APRA announces new commencement dates for prudential and reporting standards
The Australian Prudential Regulation Authority (APRA) has announced new commencement dates for six prudential and reporting standards that have been finalised but are yet to fully come into effect.
It follows last month’s announcement that APRA was suspending the majority of its planned policy and supervision initiatives in response to COVID-19. At the time, APRA foreshadowed it would also consider adjusting implementation dates for policy initiatives that had been finalised but not yet commenced.
In revising its implementation dates, APRA has sought to balance the need to ensure its prudential framework remains fit for purpose with enabling APRA-regulated entities to focus their time and resources on dealing with the impact of COVID-19.
The affected standards and their revised commencement dates are set out in the table below.
Prudential Standard or Policy proposal
Initial commencement date
Revised commencement date
CPS 226 Margining and Risk Mitigation for Non-Centrally Cleared Derivatives (phase-in of initial margin requirements)
1 September 2020, 2021
1 September 2021, 2022
CPS 234 Information Security (third-party arrangements transition provision)
1 July 2020
Six month extension to 1 January 2021 available on a case-by-case basis
APS 220 Credit Risk Management
1 January 2021
1 January 2022
APS 222 Associations with Related Entities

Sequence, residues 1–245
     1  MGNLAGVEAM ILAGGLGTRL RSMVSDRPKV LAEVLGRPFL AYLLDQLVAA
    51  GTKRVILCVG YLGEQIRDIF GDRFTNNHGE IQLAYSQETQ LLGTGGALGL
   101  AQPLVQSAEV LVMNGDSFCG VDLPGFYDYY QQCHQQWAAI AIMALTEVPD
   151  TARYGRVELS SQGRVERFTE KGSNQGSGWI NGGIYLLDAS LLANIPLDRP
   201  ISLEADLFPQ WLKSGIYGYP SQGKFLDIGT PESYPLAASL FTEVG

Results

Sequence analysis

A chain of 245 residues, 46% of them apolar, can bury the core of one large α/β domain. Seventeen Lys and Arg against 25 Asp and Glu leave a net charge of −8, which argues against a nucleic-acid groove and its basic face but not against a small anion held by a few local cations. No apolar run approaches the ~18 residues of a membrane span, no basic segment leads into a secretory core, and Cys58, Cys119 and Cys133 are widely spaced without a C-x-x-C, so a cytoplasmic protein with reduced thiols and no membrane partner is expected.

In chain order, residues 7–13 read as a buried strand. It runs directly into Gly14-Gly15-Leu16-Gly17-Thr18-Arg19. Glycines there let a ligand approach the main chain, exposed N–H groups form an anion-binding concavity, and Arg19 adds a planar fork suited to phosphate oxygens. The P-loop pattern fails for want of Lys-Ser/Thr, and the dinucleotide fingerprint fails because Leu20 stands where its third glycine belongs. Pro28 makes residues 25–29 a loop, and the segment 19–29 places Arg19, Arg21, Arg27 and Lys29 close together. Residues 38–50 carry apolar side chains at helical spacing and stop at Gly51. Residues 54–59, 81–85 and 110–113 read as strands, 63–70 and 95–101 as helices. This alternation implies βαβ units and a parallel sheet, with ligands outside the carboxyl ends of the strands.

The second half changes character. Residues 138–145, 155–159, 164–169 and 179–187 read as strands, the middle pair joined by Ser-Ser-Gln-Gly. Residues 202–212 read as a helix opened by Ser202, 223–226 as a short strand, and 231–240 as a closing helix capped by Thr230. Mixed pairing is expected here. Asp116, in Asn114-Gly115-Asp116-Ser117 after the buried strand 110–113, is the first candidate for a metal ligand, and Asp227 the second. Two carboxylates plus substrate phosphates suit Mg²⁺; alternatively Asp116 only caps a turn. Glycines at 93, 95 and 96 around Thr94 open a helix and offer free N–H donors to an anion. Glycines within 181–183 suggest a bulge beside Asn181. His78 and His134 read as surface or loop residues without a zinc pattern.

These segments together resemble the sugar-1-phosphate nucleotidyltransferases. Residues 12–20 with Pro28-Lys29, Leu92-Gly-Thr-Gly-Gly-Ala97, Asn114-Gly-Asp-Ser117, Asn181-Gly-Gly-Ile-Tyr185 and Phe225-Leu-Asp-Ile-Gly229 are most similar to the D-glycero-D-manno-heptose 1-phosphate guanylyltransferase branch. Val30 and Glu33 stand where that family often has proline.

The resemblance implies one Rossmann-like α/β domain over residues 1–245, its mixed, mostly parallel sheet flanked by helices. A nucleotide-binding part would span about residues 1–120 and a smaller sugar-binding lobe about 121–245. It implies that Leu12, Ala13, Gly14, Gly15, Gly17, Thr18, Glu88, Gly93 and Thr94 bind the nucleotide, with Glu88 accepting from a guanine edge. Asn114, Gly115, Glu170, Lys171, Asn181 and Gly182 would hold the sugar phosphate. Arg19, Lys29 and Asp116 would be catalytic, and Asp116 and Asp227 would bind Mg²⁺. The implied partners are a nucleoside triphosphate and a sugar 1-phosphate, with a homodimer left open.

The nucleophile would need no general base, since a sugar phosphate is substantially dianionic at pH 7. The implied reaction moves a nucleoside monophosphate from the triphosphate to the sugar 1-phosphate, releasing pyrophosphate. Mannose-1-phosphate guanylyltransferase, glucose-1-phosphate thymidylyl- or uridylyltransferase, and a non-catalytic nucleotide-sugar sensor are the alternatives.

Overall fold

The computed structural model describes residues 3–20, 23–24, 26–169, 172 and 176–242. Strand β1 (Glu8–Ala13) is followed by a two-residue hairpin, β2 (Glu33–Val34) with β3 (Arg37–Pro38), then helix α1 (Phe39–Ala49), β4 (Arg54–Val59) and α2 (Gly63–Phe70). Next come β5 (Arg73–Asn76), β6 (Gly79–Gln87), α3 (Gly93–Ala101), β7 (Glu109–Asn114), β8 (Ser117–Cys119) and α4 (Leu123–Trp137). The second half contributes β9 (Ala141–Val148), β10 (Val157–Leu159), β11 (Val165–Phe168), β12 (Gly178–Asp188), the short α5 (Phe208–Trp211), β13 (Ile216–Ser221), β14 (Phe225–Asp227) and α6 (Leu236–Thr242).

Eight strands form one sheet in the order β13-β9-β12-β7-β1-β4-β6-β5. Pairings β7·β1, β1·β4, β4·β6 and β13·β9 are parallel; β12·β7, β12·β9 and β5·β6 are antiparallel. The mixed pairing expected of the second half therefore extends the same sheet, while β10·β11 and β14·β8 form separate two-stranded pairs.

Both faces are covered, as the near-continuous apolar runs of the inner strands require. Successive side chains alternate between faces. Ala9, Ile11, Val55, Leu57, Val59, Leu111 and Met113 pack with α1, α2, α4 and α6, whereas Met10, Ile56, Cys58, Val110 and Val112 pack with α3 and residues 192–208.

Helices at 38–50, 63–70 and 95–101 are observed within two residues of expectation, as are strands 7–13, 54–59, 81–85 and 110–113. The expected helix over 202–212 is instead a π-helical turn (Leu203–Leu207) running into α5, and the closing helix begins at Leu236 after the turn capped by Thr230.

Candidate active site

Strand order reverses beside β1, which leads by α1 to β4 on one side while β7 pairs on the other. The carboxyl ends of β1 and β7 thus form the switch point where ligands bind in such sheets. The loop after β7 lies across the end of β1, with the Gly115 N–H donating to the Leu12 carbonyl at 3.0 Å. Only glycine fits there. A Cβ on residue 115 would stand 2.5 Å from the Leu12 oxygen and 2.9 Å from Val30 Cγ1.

ARS 222.0 Exposures to Related Entities
ARS 222.2 Exposures to Related Entities – Step-in risk
1 January 2021
1 January 2022
Today’s announcement confirms that APRA will defer the next two phase-in periods of initial margin requirements for non-centrally cleared derivatives as set out in CPS 226 by 12 months, consistent with the joint decision by the Basel Committee on Banking Supervision and the International Organisation of Securities Commissions.1
In relation to the CPS 234 third-party arrangements transition provision, APRA will consider requests for a six-month extension by regulated entities on a case-by-case basis. Entities seeking an extension must advise APRA of the nature of their third-party arrangements, and how they are monitoring the risks associated with these arrangements. Given the potential for increased vulnerability to cyber risks in the current environment, APRA advises all regulated entities to remain vigilant in maintaining their information security.
APRA has also advised that the commencement date for APS 222 will be deferred until 1 January 2022. In the interim, ADIs should not be actively increasing exposures to their overseas banking and insurance subsidiaries without prior consultation with APRA.
Additionally, APRA’s work on product responsibility under the Banking Executive Accountability Regime has now been subsumed into its work on the Financial Accountability Regime (FAR), as mentioned in the Government’s proposal paper on FAR. APRA intends to release further information on product responsibility when the Government consults on the exposure draft legislation and the implementation timeframe for the FAR.
APRA will formally amend the commencement dates for affected prudential and reporting standards in due course.
1 ‘Basel Committee and IOSCO announce deferral of final implementation phases of the margin requirements for non-centrally cleared derivatives’ (3 April 2020) <https://www.bis.org/press/p200403a.htm>.
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The Australian Prudential Regulation Authority (APRA) is the prudential regulator of the financial services industry. It oversees banks, credit unions, building societies, general insurance and reinsurance companies, life insurance, private health insurers, friendly societies, and most members of the superannuation industry. APRA currently supervises institutions holding $7.9 trillion in assets for Australian depositors, policyholders and superannuation fund members.